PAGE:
...more
Rosanne Swiatek
Excellent collection of treatises on food, eating, travel, medical and scientific research. He is probably America's No. 1 food writer/critic, who writes the food column for Vogue Magazine. This book is excellent and also contains recipes -- some of which I would never have even attempted at my height of gourmet cooking (25-30 years ago) because of incredible cost of ingredients, scarcity of ingredients, and the length of time it takes to make (3 days up to weeks!). However, some recipes seem at ...more
Jenn Adams
I really enjoyed this essay collection, but I remember enjoying Steingarten's The Man Who Ate Everything a good bit more, so I had to refrain from a 5 star rating here. Probably just a personal preference, as I can't put my finger on anything drastically different between the two.

I would say this is definitely not the type of nonfiction book that is "for everyone". Instead, if you are the type of person that enjoys reading moderately snarky and incredibly detailed food essays, you'll likely love
...more
Aishe
Loved The Man Who Ate Everything. It opened my eyes to a whole new way of experiencing food, so of course when I came across this title, I had to snap it up, and ate it as well. I love the author's wit, and obsession with his subject matter. As always, somehow I draw out reading Steingarten, so it takes months or years to read a whole book, but this in no way indicates an issue with the pacing or writing, merely my own observed quirk, regarding the author's books. It is an excellent book, althou ...more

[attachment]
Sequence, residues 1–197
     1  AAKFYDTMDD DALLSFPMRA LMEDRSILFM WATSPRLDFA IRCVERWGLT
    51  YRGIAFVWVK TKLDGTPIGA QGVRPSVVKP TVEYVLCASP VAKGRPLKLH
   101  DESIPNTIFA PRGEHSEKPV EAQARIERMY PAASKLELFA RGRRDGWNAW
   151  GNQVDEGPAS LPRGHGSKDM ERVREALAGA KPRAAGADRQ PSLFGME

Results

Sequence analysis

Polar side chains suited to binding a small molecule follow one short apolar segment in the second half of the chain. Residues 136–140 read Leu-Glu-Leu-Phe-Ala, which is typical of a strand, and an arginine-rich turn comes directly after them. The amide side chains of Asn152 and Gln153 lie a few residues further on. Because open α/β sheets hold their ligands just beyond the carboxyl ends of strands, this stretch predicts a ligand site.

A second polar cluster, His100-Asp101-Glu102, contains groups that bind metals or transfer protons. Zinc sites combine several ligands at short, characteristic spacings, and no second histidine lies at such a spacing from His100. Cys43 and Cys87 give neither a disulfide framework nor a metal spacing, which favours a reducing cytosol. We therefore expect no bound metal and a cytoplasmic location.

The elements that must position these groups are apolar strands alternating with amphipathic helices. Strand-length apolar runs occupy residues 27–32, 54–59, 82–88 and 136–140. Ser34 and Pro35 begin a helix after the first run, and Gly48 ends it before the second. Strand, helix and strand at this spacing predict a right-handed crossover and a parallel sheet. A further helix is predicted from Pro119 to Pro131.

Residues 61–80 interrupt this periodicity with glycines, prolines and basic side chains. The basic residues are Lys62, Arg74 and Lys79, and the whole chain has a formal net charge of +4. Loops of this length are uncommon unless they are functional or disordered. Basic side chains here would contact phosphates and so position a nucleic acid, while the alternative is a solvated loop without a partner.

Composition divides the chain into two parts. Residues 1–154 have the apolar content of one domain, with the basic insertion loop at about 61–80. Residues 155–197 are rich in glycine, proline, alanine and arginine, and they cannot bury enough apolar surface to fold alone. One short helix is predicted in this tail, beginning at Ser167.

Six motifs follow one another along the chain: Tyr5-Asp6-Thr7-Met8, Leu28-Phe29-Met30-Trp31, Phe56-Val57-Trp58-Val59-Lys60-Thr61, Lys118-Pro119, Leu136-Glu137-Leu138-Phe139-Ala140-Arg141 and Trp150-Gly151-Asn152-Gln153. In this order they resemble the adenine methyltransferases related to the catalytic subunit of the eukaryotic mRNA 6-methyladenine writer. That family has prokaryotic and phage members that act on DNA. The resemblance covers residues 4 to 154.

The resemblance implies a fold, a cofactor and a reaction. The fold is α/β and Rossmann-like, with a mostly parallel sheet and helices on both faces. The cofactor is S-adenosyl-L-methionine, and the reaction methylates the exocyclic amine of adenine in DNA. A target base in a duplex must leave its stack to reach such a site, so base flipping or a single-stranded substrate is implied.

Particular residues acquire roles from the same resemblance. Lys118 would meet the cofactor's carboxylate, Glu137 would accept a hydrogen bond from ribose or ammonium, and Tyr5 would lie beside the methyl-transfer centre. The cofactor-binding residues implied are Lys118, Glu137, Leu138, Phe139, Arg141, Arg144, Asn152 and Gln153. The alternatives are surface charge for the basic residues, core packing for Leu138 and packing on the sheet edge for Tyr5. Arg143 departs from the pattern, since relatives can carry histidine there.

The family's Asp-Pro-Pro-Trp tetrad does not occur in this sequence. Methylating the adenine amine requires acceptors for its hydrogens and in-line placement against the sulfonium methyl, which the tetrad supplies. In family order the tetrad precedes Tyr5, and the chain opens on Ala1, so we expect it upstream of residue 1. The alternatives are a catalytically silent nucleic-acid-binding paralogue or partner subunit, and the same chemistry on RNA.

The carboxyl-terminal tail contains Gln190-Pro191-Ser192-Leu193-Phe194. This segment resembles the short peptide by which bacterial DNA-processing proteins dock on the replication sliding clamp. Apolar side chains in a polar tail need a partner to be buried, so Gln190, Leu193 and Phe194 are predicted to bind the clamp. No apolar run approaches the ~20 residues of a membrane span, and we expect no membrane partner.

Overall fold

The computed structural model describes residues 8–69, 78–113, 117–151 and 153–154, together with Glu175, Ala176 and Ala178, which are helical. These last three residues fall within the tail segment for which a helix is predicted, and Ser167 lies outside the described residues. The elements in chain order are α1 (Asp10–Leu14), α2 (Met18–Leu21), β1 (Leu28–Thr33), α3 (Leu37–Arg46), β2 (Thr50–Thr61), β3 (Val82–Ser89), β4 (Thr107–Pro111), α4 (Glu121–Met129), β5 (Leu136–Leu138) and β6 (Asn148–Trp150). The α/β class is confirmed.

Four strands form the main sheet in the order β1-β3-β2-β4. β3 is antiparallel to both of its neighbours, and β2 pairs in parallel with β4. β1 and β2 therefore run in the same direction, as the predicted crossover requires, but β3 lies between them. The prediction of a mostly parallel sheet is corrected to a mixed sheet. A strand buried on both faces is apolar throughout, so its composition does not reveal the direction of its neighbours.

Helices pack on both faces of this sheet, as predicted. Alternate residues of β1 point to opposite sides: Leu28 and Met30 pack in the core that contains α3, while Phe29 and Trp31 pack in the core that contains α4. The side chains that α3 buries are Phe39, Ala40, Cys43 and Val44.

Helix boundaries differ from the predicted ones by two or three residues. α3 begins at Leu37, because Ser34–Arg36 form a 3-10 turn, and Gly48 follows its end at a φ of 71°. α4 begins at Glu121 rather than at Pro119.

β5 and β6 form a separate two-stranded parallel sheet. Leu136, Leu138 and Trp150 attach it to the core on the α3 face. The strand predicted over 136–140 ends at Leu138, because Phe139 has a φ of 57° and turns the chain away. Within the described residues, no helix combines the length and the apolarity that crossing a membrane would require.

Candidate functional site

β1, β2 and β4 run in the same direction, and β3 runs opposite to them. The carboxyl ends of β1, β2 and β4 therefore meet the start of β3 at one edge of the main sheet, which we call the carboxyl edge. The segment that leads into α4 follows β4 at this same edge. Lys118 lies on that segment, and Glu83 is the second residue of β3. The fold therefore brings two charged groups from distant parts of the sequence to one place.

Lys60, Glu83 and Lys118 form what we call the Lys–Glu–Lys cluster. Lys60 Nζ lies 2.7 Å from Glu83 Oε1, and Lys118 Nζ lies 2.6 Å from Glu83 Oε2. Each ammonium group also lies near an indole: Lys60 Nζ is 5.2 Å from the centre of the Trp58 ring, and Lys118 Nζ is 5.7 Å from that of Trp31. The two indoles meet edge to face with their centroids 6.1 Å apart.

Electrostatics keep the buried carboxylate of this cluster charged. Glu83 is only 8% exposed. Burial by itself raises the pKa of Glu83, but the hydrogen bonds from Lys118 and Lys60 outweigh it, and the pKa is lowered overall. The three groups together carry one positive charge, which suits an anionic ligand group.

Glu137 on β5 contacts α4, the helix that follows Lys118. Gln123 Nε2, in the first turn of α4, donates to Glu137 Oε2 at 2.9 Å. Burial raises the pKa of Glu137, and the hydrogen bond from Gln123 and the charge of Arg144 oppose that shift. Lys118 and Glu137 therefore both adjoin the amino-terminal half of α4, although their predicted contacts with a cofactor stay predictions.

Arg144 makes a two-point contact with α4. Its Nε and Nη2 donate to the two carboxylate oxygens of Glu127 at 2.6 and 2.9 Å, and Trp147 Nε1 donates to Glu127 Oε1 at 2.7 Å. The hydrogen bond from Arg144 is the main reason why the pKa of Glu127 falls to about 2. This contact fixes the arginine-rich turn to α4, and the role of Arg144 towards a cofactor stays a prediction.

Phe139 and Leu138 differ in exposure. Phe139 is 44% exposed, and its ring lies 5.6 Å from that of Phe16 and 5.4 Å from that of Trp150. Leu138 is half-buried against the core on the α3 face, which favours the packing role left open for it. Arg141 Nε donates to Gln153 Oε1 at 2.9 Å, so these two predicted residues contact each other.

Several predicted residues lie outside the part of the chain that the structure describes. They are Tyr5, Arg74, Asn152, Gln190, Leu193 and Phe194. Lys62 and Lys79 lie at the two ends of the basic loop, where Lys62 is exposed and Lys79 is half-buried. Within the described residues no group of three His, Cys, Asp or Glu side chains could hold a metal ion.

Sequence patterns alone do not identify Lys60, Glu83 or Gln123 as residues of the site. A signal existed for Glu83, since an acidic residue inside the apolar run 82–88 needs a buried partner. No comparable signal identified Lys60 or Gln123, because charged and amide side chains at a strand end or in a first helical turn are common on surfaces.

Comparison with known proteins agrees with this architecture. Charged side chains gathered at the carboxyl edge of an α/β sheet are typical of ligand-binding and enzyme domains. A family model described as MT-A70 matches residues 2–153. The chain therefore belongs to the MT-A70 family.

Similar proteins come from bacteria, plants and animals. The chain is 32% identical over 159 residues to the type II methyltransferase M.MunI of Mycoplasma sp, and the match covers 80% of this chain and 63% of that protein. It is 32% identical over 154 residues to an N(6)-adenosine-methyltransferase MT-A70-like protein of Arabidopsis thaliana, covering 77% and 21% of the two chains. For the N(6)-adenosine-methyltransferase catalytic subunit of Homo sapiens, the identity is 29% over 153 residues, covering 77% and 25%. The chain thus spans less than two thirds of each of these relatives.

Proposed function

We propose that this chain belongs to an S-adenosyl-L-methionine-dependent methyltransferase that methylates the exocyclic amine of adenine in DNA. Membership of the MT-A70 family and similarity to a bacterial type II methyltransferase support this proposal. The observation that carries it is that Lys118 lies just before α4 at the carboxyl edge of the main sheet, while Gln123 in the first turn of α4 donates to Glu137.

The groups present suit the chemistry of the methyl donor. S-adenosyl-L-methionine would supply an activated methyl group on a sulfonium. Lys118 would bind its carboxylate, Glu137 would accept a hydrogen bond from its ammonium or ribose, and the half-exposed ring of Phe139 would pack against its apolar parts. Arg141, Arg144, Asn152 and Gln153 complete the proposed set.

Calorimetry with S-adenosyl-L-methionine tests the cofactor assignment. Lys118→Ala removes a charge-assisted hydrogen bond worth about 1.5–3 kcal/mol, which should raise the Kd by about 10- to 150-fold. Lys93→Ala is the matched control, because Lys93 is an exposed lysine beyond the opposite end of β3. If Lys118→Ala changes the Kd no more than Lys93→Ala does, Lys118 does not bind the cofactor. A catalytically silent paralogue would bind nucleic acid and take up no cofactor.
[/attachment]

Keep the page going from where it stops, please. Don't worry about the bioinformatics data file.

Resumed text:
Krizia Anna
It was funny, mouth-watering and obsessing book about food. You'll definitely get hungry and after reading the book your brain would definitely be full of facts about food, how to cook good book and where to find good food. Scrap that, its not about good food but THE BEST food. However, that seems to be my problem, its food that not everyone can afford. Its not about the cheapest food but THE BEST food with THE MOST EXPENSIVE price tag. Its not for middle class citizens. I also got nauseated rea ...more
Leigh-ann
Steingarten has always annoyed the heck out of me as a judge on "Iron Chef", so I was shocked to read this collection of his articles from Vogue magazine and find him not only likable, but charming. Go figure. The man knows food, and he's not afraid to get dirty (i.e., to actually cook it himself) to get what he wants. If you're a foodie, you'll love all the in-depth information about everything from finding the best Parmesan to making your own blood sausage (not for the squeamish). After readin ...more